Marketing Masters

Six Questions with Ned Potter

For this installment of the 658.8 Interview, I went across the pond and reached out to Ned Potter.  Ned is the author of The Marketing Toolkit and he writes about library marketing at his blog of the same name.  His book is chock full of case studies and his site contains even more.  I hope I get to meet Ned at a conference one day and chat between sessions!


1. Where did you get your library education? (And I’m not talking about where you went to library school, if you did go to library school!)           Honestly, I got much of it online. Pretty much every day I’ll ask Twitter a question and apply the answers in my job. There’s so many great blogs out there – you can learn so much these days, without having to go anywhere or pay anything.

That said, events and conferences – particularly the little chats with people BETWEEN sessions rather than the presentations themselves – have been really important to me and my development. And there’s no substitute for just doing a job to really learn how it all works. 

2. Who has taught you the most about libraries and/or marketing?

That’s a tough question. Marketing wise, Terry Kendrick has taught me a lot. I’ve been very aware of Stephen Abrams shaping my thinking, and filling in a lot of gaps for me about how marketing works in the Special Libraries environment. In terms of libraries in general Bobbi Newman has been a big influence on me, as has Andy Priestner in the UK.

3. What’s the best book about marketing you’ve ever read?

Aside from reading my own a billion times to proof read it, I must admit I’ve only read two in full! So I’ll call it a draw – Terry Kendrick’s Strategic Marketing Plans that Really Work, and Nancy Dowd et al’s Bite-Sized Marketing.


4. What’s the title of a marketing book that needs to be written?

That’s a great question. I can think of a million. What about ‘Actually most people DON’T need authoritative information, Google is fine 99% of the time – so what else are you going to get them in through the doors?’ Or ‘Stop marketing to people who already like your library anyway’  Or maybe ‘Stop worrying about upsetting a tiny minority, and start trying to inspire the people that matter’. Sorry, I know that all sounds slightly cynical and cross! But I think these are important issues, we do need to confront this stuff head on. I’d love to read a library marketing book written by a non-librarian.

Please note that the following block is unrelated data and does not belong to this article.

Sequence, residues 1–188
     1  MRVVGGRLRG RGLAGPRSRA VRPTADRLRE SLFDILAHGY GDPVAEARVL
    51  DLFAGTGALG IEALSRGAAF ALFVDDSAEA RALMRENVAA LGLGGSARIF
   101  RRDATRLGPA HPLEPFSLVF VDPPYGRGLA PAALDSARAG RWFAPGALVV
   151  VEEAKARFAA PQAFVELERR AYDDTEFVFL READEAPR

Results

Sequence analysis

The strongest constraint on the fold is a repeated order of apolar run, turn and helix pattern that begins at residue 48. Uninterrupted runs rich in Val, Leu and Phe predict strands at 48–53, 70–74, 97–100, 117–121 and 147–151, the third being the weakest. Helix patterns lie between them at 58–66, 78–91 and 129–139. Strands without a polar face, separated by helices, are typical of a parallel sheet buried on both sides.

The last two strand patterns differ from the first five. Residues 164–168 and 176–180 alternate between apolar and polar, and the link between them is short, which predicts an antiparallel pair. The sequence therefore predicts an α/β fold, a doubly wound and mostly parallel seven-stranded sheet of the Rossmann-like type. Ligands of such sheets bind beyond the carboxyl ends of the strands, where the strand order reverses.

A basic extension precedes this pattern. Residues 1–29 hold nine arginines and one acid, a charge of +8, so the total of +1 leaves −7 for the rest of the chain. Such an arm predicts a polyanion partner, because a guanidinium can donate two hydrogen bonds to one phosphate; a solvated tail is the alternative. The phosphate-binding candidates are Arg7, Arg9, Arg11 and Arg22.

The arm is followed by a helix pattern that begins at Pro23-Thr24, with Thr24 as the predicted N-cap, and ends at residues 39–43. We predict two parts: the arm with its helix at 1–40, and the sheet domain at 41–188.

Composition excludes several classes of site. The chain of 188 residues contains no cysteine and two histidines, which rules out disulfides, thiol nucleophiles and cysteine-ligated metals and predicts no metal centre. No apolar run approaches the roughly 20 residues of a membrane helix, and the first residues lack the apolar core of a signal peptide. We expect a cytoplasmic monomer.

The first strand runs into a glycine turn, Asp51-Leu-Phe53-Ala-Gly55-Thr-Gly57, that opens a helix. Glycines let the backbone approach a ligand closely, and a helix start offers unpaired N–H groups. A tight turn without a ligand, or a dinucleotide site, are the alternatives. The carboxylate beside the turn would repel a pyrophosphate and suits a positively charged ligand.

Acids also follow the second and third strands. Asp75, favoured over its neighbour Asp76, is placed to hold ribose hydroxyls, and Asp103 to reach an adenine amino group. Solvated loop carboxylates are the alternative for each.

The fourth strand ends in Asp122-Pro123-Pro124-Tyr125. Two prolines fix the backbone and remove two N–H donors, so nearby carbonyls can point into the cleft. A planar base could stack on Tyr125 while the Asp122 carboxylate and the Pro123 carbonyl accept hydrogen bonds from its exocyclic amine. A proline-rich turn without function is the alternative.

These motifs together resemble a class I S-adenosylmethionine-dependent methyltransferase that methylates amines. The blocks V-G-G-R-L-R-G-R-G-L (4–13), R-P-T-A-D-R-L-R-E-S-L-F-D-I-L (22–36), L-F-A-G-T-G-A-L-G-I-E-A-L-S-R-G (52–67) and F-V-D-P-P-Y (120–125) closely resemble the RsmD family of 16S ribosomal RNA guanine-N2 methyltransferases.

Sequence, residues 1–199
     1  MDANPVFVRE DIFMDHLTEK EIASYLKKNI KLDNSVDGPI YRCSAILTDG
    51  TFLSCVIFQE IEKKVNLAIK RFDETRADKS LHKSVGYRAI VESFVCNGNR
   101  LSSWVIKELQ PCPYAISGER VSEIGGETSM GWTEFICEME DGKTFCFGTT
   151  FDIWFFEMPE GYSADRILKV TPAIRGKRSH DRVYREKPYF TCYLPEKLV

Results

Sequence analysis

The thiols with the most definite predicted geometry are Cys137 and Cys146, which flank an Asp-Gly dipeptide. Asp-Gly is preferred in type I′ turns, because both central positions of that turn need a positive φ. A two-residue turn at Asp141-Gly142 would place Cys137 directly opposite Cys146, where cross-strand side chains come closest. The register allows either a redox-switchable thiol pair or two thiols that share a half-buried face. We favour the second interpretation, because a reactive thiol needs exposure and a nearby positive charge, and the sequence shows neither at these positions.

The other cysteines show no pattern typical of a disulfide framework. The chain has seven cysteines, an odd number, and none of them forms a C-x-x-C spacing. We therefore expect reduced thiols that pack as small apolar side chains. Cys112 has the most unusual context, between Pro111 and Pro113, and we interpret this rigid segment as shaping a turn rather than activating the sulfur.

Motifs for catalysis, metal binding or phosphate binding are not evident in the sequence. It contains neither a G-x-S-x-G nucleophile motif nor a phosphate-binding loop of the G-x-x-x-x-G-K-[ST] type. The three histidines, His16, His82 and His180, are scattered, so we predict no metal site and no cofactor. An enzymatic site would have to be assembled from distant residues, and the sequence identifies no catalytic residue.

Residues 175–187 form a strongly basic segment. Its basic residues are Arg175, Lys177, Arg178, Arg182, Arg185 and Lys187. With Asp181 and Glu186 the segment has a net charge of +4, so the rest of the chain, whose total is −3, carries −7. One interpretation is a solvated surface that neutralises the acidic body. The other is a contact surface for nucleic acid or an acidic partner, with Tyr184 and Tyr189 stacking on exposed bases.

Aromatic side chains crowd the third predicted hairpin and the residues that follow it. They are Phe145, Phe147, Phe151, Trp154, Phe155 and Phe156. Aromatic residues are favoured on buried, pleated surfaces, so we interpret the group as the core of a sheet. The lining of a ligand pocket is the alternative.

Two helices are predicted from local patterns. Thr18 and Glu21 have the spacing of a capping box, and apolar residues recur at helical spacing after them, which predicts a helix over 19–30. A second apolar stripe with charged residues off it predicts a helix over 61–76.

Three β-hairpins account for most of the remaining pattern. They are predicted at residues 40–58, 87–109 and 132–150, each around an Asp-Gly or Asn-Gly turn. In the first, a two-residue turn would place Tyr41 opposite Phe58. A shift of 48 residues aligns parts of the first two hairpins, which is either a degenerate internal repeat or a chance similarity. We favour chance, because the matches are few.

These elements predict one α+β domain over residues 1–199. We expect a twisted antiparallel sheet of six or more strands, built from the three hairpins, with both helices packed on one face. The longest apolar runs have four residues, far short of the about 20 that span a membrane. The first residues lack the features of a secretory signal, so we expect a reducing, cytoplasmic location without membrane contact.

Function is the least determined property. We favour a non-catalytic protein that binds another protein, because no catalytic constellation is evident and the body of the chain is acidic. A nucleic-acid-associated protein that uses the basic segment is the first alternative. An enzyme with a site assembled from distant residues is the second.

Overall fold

5. What’s the best marketing campaign you’ve ever been a part of?

Over the summer I managed our Marketing Intern, who was a film-maker – together we made about 20 films to market the library at the University of York (UK). You can see the results at It was completely absorbing (and exhausting – the day we shot the Virtual Tour I felt like my 9-5 had lasted about 24hrs!) and the results have been great. Marketing with video is something we all need to be doing now, and I think we’ve done it well at York.

6. What marketing campaign do you wish you’d been a part of?

Library-wise, it’s hard to see past Troy Public Library in Michigan – their brilliant book burning campaign on YouTube. So brave, ultimately so effective, and so atypical! Fantastic stuff. It’s not just well-executed, and attention-grabbing, and modern – it changed people’s behaviour. That’s what we should be trying to achieve.

Cheers, Ned!

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